I realized I had a stack of unopened mail on the dining room table last night and discovered another awesome holiday card, and from one of my favorite political firms.
OnSight Public Affairs went with a “Star Wars” theme, which is perfect timing considering the latest hype over the latest installment. A movie card is included.
“May the holiday be with you!” the cover of the card reads, emblazoned over a galaxy.
The flip side shows the OnSight team — Ben Davis, Anne Pogoriler, Curtis Hubbard and Mike Melanson — dressed as characters from Star Wars.
I have a long history with three team members.
Melanson, a founding partner, recalls that I physically threatened him during the 2003 Denver mayoral campaign, which I am sure I did. In today’s climate the police would probably be notified but back then it was called “working your sources.
I got to know him well on Democrat Mark Udall’s successful 2008 U.S. Senate campaign. One of my favorite blog posts from the 2010 gubernatorial campaign involved Melanson, who ran Democrat John Hickenlooper’s successful campaign. I called the serious looking Melanson “the Ben Stein of Colorado politics.” When campaign spokesman George Merritt called me, he was laughing so hard he could barely talk.
I met Davis, another founding partner, when he lobbied me at the Capitol on the environment, one of my least favorite topics. He was considered a wunderkind because he got me to start writing about issues his folks cared about. “You’ve just got to know how to handle Bartels,” he would tell his colleagues — and he was right. Ask him about the famous ballot measure dust up.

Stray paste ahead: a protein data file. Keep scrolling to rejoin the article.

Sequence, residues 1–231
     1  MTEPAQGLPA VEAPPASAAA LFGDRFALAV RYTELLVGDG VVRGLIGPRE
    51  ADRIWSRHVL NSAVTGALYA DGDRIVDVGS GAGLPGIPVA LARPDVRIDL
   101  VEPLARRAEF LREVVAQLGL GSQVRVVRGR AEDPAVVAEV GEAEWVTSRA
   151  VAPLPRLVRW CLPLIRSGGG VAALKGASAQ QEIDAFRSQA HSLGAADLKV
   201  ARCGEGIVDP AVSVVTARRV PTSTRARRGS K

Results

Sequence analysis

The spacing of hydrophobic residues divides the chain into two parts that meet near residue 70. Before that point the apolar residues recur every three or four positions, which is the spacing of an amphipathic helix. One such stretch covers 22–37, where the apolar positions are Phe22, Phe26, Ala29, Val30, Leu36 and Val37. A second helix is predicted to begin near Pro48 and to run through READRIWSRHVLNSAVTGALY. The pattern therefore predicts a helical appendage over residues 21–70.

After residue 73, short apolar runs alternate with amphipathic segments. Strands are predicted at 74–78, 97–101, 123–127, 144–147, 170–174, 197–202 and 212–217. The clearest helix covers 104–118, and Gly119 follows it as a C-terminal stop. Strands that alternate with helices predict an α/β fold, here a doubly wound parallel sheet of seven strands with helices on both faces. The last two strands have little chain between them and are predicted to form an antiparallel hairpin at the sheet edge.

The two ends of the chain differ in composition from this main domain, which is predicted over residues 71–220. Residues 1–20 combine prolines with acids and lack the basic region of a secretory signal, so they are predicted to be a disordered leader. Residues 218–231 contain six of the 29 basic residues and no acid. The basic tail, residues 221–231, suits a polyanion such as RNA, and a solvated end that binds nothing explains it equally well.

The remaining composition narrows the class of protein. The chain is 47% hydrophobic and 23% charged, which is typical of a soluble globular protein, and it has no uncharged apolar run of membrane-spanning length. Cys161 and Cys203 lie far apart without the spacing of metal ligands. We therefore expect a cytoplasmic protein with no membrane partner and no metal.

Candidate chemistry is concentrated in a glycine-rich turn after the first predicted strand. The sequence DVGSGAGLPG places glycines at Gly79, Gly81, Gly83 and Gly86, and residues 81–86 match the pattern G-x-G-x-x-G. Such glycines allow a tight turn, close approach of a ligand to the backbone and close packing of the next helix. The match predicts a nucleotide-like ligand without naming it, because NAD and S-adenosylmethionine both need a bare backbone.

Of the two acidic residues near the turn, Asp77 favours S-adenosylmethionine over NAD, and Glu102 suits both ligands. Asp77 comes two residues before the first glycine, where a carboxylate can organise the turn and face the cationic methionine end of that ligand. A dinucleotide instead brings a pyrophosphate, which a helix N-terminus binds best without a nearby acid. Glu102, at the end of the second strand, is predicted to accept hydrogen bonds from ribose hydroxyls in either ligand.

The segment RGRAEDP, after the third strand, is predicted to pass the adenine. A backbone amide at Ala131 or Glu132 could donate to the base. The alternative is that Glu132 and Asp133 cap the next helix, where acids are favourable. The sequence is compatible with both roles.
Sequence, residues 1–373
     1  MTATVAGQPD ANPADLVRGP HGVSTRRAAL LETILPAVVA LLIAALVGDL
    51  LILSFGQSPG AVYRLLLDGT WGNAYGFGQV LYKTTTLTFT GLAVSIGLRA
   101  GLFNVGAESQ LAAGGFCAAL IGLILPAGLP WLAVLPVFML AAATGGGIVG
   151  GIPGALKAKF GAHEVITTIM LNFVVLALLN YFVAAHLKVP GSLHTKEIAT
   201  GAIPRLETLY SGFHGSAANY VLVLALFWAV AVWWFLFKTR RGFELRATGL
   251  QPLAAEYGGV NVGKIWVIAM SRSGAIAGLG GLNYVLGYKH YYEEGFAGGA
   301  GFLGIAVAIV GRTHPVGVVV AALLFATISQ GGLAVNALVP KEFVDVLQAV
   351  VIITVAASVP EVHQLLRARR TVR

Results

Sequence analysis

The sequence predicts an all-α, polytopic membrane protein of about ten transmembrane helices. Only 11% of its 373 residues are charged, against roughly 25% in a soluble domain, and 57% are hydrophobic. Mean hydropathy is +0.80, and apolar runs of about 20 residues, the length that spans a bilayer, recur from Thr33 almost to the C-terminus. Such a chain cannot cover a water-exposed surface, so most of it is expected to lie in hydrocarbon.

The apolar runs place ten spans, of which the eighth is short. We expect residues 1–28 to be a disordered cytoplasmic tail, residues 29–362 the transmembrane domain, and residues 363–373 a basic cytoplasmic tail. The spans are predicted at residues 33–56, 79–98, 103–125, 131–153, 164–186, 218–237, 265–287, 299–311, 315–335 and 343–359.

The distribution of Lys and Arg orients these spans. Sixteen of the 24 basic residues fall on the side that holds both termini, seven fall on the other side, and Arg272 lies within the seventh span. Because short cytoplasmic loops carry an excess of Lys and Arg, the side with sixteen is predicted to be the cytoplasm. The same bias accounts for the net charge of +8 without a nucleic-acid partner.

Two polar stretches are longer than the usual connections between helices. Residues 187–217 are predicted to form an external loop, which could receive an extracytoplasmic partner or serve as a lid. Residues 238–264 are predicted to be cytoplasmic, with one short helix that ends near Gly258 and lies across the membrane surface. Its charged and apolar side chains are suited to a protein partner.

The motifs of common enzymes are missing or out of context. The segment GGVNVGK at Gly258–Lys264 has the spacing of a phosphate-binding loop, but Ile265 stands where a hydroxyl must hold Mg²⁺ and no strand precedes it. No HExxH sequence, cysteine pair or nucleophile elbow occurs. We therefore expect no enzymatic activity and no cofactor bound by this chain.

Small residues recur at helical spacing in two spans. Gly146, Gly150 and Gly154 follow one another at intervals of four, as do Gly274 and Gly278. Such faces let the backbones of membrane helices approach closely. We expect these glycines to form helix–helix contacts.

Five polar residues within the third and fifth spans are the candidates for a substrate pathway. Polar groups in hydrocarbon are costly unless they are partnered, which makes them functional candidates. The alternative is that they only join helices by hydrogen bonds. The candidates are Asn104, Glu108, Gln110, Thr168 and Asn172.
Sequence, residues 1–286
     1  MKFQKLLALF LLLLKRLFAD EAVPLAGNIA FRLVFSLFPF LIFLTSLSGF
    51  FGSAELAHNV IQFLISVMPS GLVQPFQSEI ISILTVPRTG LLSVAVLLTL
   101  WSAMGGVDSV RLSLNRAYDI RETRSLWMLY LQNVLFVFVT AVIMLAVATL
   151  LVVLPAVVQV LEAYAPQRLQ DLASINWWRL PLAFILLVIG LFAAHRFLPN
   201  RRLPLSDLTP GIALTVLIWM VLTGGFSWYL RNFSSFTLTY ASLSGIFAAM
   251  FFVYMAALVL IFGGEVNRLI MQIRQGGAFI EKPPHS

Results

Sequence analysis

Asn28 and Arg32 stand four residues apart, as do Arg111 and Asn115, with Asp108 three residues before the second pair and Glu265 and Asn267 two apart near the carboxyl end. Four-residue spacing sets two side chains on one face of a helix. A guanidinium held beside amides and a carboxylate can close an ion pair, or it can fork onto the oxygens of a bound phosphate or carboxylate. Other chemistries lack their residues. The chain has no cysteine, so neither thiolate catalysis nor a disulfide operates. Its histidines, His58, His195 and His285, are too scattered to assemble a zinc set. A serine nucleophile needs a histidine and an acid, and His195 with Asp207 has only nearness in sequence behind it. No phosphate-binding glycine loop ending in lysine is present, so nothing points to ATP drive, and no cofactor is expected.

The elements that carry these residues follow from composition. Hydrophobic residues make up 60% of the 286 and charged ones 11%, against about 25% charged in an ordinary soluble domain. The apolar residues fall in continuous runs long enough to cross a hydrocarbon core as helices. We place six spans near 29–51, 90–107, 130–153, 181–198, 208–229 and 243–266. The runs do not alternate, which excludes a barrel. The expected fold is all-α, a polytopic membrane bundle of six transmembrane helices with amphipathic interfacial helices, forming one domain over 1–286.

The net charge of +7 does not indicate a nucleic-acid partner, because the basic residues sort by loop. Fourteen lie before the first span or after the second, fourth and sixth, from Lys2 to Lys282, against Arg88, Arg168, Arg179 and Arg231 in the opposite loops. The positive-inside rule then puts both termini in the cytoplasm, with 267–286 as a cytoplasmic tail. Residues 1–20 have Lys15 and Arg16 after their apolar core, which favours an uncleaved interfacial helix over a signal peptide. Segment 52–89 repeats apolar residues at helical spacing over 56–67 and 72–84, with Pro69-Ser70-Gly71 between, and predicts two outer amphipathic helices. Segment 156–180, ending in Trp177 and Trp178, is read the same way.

Davis used to bring his enormous dog to the Udall headquarters and a couple of times when I was visiting someone would holler that the dog had done his business in the basement. I can still see Tara Trujillo rolling her eyes.
Hubbard is a former competitor and a former boss. He was the political editor for The Denver Post when I covered politics for the late, great Rocky Mountain News. When the News closed, the Post hired me and I worked for Hubbard until he became editor of the editorial page. He wrote me a note after the 2010 election that I still cherish, talking about my work ethic. When my family was in town one Christmas, he quietly let me go early on Dec. 24.
I like it that Hubbard regularly calls me here at my new job, spokeswoman for Colorado Secretary of State Wayne Williams.